But from next year, Highways England is moving towards a more flexible, programme-based approach known as Routes to Market. For this, two procurement streams are being set up: one is the Regional Investment Programme (RIP), which will be used to procure conventional work, such as widening and junction improvements across England; another is the Smart Motorways Programme which aims to tackle congestion and provide better travel information for drivers.

Procurement of major infrastructure projects such as the £4.4bn Lower Thames Crossing and the £1.6bn A303 Stonehenge Tunnel scheme will be run separately. This should make procurement easier,  as contracts will be tailored to these schemes. By contrast, the £1.6bn A14 improvement scheme was procured through the CDF model, and it was felt that this had not worked as well as it could have.

“It worked, but it was hard work. It was more work than it should have been,” says O’Sullivan.

Fairer model

It is hoped the Routes to Market approach will also stamp out accusations of unfairness which have been thrown at the CDF model. For example, if two £30M schemes were bundled into a £60M scheme it changed the tender lot or category within which it was placed, barring smaller firms which might have bid for a £30M contract from bidding for the bigger one.

Changing from a lot-based framework to a more regional approach should help address some of those issues, and allow more room for nuance in procurement.

“We think that [a regional approach] will reduce the imbalance we saw in RIS1 in terms of some lots being over-full and some lots being undersubscribed,” says O’Sullivan.

The switch involves a change in contractor selection criteria.

Those contractors who are working on projects already will find that subsequent work will be awarded following a wider assessment of its performance than might previously have been expected.  

So what criteria will firms be judged on?

“Well we’re working on that, but it would include a combination of safety, scheme delivery, value added, efficiency delivered, quality and value for money,” says O’Sullivan.

Value, not price

“So it’s more based on value than price, I think is how I would summarise it.”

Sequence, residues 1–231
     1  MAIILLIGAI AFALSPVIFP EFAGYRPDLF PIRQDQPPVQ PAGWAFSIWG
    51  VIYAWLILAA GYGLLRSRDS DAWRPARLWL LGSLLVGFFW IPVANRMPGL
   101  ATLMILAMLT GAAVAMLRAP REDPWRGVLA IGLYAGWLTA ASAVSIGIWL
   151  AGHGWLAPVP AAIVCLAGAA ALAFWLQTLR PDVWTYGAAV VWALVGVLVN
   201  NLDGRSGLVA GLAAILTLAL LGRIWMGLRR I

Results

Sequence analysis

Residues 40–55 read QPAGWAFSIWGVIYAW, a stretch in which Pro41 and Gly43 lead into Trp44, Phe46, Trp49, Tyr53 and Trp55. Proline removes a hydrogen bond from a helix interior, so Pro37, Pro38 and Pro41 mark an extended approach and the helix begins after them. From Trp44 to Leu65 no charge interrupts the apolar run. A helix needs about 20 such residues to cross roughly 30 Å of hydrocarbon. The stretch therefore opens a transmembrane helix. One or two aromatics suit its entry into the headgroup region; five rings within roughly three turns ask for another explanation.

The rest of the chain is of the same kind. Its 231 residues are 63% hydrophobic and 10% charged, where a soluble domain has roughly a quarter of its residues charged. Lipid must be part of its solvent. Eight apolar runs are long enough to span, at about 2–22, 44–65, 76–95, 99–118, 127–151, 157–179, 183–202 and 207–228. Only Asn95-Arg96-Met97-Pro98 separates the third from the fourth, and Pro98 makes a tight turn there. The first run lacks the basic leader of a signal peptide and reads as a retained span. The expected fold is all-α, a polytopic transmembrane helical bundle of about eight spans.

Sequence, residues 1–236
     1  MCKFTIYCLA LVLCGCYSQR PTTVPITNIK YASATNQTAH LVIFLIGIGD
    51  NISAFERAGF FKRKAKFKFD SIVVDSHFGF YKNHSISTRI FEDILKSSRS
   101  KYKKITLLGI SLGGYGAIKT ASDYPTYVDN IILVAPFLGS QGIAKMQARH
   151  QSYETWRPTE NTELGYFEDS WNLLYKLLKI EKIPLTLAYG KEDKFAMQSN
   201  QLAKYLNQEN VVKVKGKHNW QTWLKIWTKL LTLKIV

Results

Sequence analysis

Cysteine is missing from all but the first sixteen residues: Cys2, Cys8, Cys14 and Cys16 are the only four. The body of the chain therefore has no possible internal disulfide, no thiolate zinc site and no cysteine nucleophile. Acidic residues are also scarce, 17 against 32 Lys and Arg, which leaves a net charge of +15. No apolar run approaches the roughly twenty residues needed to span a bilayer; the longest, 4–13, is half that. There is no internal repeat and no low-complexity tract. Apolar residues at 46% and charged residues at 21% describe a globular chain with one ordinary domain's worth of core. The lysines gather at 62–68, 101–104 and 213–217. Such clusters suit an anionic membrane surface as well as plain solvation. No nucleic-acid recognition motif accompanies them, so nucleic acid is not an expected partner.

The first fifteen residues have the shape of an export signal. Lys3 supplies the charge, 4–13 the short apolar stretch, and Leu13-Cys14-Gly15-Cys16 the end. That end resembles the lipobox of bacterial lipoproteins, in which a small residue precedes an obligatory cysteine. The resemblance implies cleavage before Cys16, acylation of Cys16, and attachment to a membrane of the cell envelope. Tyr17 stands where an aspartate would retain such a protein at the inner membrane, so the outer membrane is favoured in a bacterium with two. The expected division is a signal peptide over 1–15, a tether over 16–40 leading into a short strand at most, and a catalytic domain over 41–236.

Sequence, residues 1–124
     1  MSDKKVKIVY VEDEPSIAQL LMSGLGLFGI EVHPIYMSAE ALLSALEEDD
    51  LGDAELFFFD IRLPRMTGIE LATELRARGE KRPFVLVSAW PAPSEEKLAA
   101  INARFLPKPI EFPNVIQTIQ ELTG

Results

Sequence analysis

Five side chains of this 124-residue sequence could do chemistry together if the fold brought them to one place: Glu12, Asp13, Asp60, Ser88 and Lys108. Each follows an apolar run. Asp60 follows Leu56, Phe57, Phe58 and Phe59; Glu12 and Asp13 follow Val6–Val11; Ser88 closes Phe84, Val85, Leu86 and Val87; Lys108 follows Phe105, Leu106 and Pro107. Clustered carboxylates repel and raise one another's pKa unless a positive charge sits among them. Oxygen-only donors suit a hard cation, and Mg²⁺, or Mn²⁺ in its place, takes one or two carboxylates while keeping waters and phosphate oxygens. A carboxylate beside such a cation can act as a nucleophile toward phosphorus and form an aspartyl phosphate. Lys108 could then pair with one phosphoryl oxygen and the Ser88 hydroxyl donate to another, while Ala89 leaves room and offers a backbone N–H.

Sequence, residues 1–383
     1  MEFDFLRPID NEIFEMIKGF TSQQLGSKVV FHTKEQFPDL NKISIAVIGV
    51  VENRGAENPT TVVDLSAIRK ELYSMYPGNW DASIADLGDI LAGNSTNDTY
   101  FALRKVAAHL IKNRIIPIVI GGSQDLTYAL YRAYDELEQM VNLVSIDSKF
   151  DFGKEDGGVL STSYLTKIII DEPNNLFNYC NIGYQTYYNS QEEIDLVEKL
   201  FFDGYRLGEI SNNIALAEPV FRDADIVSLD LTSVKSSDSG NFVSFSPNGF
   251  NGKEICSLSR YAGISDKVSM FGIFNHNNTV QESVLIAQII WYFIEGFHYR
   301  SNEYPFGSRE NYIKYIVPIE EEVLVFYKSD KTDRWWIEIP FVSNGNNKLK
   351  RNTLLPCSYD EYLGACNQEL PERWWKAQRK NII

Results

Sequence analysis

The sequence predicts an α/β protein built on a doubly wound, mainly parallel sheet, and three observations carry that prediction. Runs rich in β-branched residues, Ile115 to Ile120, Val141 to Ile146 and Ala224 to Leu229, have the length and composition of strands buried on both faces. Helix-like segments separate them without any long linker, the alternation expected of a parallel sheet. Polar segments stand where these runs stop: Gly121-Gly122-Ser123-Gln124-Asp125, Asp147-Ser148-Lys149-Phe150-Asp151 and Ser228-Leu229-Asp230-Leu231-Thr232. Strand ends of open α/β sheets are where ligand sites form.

One thing O’Sullivan will be looking for from potential partners is a focus on customer satisfaction, which he says has not always been forthcoming. More is being done to try to create a better experience for motorists: instead of warning drivers of delays; effort is being made to put an exact time until the end of the roadworks on the overhead signage. Recently there have been trials on whether the speed limit can be safely pushed up from 50mph to 60mph through roadworks.

“I wouldn’t criticise our suppliers at all, but I do think we could do more. We could certainly do more on safety, and we could do more on customer service, for sure,” he says.

“I think if I was to go back a year, historically – not today, because today people are starting to embrace this agenda – but if I was to go back a year I think people would have said that roadworks are not a nice experience and there’s nothing we can do.

“I think today people recognise that there are things that can make the journey easier for motorists and that when we do them, people notice.”

Achieving easier journeys also means embracing technological changes. Better use of customer journey data means Highways England can offer more accurate journey times, and even suggest what time motorists should set off when the roads are congested so they can avoid the worst of the traffic.

“When I first arrived here two-and-a-half years ago, the question I was asked is: ‘is Highways England a good idea?’,” he says. “That question has long since gone away.”